2. ^ "Virginia Landmarks Register". Virginia Department of Historic Resources. Retrieved March 19, 2013.
  3. ^ a b c d "Shockoe Slip Historic District National Register Nomination – Boundary Increase" (PDF). Virginia Department of Historic Resources. Retrieved June 8, 2011.
  4. ^ Bailey, Anne C. (February 12, 2020). "They Sold Human Beings Here". The New York Times. ISSN 0362-4331. Retrieved October 10, 2020.
  5. ^ Trammel, Jack (2012). The Richmond Slave Trade: The Economic Backbone of the Old Dominion. The History Press. ISBN 9781609494131.
  6. ^ Laird, Matthew. "Preliminary Archaeological Investigation of the Lumpkin's Jail Site" (PDF). VCU Library. Retrieved March 6, 2014.
  7. ^ Smith, Ryan K. "African Burial Ground". Richmond Cemeteries
  8. ^ Sacred Ground Historical Reclamation Project, "Richmond African Burial Ground"
  9. ^ "Shockoe Hill African Burying Ground". Richmond Cemeteries. March 28, 2017. Retrieved April 1, 2022.
  10. ^ "Shockoe Slip". Historic Richmond Foundation.
  11. ^ Jumaa, Yasmine (July 28, 2020). "Officials Launch Plans to Build Shockoe Bottom Memorial Park". VPM NPR News. Retrieved April 1, 2022.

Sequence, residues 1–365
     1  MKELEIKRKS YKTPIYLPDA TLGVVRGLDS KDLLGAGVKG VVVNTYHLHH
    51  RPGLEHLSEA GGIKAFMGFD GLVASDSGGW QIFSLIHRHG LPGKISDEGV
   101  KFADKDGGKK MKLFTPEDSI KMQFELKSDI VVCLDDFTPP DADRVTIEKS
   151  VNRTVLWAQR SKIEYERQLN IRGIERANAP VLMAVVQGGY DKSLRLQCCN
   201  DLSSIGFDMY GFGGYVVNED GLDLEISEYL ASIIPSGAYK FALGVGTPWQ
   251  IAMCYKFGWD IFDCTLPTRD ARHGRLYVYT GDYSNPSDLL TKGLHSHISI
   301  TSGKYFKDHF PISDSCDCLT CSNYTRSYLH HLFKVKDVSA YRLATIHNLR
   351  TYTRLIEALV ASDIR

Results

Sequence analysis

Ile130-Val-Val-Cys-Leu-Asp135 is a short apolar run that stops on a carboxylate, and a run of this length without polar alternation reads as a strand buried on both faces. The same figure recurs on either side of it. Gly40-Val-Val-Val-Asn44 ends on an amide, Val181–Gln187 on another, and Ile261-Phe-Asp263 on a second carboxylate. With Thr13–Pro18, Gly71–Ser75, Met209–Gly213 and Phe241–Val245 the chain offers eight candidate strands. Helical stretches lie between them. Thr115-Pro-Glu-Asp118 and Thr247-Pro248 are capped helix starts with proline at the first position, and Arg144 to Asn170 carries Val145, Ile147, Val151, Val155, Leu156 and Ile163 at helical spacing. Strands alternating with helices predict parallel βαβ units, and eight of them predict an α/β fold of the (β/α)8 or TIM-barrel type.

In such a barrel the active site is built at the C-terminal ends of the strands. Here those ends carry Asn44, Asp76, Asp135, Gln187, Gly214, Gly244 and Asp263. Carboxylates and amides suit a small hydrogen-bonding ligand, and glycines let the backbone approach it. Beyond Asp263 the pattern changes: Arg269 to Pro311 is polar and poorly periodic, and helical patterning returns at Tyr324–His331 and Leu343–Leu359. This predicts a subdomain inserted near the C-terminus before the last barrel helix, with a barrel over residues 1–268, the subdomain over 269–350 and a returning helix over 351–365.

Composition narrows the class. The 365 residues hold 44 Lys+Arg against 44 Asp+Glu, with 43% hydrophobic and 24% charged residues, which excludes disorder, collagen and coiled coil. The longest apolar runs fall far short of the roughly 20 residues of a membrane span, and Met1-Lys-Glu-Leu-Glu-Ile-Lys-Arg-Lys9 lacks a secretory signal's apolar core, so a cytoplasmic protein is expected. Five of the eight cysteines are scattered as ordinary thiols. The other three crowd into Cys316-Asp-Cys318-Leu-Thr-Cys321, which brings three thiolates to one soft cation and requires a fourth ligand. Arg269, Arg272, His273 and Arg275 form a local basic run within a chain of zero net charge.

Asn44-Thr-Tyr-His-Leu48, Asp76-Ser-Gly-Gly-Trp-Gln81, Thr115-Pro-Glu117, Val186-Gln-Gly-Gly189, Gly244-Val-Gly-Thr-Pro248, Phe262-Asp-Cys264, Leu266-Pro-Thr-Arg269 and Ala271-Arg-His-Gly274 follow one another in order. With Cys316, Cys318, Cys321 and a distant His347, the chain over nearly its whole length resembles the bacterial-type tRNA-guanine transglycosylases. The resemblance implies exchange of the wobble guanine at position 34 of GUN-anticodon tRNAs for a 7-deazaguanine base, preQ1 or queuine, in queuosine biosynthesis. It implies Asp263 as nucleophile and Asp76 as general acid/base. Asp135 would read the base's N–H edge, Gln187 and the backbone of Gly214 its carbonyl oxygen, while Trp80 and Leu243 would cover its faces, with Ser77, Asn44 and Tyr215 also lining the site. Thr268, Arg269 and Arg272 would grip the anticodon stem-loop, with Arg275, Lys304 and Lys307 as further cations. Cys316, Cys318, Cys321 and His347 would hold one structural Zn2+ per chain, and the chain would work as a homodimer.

12. ^ Russell, Malik (June 3, 2016). "Groups unite for slavery memorial in Shockoe Bottom". Richmond Free Press. Retrieved April 1, 2022.
  13. ^ "National Trust Awards $1 Million in Grants to Help Preserve African American History". National Trust for Historic Preservation. July 6, 2018. Retrieved February 13, 2022.
  14. ^ "Lumpkin's Slave Jail Site / Devil's Half Acre Project". Lumpkin’s Slave Jail Site / Devil’s Half Acre Project. Retrieved October 13, 2021.
  15. ^ Spiers, Jonathan (December 24, 2020). "City to purchase Loving land for Shockoe slavery commemorative site". Richmond BizSense. Retrieved April 1, 2022.

External links[edit]